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Bill would require child support in DUI fatalities 

By Maddison Booth 

Special to the Enquirer  

A bill in the Alabama House would require people convicted of driving under the influence to pay child support if that act led to the death of a child’s parent or guardian. 

House Bill 114, the DUI and Child Compensation and Recovery Act, is sponsored by Rep. Proncey Robertson, R-Mount Hope. 

Robertson said he wanted to bring this bill after seeing similar legislation introduced this past year in Missouri. 

“We have these children that have been orphaned,” said Robertson, a former Decatur police officer, “and now they’re immediately left without.” 

“I think it’s important for that kid to have stability,” added Rep. Parker Moore, R-Hartselle, one of the bill’s co-sponsors. 

In 2020 there were 155 fatal DUI wrecks statewide, resulting in 166 deaths, according to information from the Alabama Law Enforcement Agency and the Center for Advanced Public Safety at the University of Alabama. 

Robertson’s bill would not require a child to have a new guardian for the support to be ordered. Even in the case where the child becomes a ward of the state, Robertson said his bill would hold the driver responsible for payments. 

This aspect of the bill is important to Rep. Jamie Kiel, R-Russellville, a co-sponsor.  

“Should the child be the responsibility of the state or the remaining family, I believe the person who killed the parents should be responsible,” Kiel said. 

In addition, if the driver is incarcerated, the DUI and Child Compensation and Recovery Act gives them one year to begin paying. They must also pay the amount that accrued during their incarceration, even if the child is past 19 years of age. The penalty for a DUI-caused death in Alabama can range from one to 10 years in prison.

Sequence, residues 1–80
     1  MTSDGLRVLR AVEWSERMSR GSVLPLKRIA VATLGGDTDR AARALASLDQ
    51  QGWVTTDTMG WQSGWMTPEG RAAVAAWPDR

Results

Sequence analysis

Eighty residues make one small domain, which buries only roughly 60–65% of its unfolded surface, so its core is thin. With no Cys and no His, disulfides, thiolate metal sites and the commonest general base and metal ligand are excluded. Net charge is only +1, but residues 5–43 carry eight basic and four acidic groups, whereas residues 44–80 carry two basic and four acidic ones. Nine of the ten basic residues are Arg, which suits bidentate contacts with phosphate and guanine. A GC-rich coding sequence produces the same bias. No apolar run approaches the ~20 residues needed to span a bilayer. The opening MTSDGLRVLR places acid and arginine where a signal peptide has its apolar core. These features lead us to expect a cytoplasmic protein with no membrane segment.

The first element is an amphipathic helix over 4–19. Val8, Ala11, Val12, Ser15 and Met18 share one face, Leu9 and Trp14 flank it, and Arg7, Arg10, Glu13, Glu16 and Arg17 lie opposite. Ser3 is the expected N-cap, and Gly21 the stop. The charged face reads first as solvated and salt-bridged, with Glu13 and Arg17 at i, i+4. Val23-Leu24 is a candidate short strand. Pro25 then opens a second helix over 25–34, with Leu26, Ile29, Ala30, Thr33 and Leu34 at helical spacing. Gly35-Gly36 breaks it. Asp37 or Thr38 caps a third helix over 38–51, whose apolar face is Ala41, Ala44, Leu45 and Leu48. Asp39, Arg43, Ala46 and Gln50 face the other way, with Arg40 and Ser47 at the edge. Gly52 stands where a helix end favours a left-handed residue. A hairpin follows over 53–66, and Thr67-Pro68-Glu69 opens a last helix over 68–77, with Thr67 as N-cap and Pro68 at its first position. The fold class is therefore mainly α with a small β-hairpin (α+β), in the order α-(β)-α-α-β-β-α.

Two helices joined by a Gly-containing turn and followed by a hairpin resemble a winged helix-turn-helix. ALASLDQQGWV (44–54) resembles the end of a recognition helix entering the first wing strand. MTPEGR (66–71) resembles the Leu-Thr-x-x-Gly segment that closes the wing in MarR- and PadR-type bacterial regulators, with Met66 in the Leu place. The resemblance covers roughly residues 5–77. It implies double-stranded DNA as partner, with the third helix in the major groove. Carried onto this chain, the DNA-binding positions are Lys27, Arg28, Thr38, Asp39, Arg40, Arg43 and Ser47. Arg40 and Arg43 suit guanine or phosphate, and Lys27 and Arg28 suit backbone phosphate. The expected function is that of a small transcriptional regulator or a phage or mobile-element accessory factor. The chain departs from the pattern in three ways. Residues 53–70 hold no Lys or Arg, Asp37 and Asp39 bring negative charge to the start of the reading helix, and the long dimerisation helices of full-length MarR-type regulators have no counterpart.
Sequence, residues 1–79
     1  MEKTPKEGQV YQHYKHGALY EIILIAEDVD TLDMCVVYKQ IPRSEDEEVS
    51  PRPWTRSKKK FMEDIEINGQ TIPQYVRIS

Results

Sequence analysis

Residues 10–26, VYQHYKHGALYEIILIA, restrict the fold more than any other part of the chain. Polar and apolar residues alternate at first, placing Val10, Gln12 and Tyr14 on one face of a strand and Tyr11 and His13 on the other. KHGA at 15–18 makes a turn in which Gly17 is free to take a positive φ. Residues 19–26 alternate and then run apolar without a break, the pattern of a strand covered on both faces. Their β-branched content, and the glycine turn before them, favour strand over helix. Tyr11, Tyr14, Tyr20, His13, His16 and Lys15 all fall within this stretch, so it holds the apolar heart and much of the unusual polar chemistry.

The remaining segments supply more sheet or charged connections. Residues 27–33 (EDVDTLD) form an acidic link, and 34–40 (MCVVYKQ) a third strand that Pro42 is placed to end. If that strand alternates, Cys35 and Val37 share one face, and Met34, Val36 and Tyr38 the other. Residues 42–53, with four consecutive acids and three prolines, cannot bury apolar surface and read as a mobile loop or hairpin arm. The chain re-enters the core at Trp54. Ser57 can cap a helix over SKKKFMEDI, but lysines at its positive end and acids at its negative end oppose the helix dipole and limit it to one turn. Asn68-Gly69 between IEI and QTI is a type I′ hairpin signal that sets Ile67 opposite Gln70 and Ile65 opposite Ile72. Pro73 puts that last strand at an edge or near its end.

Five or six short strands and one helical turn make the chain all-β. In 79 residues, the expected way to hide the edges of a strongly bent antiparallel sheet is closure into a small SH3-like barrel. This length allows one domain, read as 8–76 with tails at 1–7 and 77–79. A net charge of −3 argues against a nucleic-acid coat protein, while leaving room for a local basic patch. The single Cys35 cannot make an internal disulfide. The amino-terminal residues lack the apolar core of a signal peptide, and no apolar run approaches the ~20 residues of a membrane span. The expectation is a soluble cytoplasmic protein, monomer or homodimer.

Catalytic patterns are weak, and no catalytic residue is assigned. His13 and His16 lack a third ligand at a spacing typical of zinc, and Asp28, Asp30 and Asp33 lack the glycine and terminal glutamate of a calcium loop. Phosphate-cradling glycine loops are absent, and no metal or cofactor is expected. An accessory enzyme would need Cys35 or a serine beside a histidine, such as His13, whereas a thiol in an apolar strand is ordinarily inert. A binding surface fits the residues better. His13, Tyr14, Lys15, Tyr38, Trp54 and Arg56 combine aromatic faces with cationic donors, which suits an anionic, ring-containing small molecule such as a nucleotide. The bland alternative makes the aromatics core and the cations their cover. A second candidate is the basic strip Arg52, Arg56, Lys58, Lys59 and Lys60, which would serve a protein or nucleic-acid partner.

The amount of financial support would be decided by judges. Determining factors could include the standard of living the child would have enjoyed had his or her parent not been killed and the resources of the surviving parent or guardian. 

Robertson said he has been talking with attorneys across the state, and his bill does not impact a family’s ability to bring a civil lawsuit against drunk drivers. 

“(Victims) should always have that option,” Moore said. 

“We don’t have an issue with the creation of child support under these circumstances,” said Gina Coggin, president of the Alabama Association of Justice. “We do want to clarify that victims and family members of an accident caused by a driver under the influence can receive all they are entitled to under the law for the injuries, pain and loss caused by the wrongdoer.” 

The Alabama Association of Justice is working with Robertson on an amendment to make this option clear to victims. 

The bill also stipulates that the child support cannot be paid by a third party, a concern Robertson said could come up with insurance companies. 

The DUI and Child Compensation and Recovery Act has been assigned to the House Judiciary Committee. Robertson said he has spoken to the committee’s chair, Rep. Jim Hill, R-Odenville, and hopes it will receive a committee vote in the next few weeks. 

 

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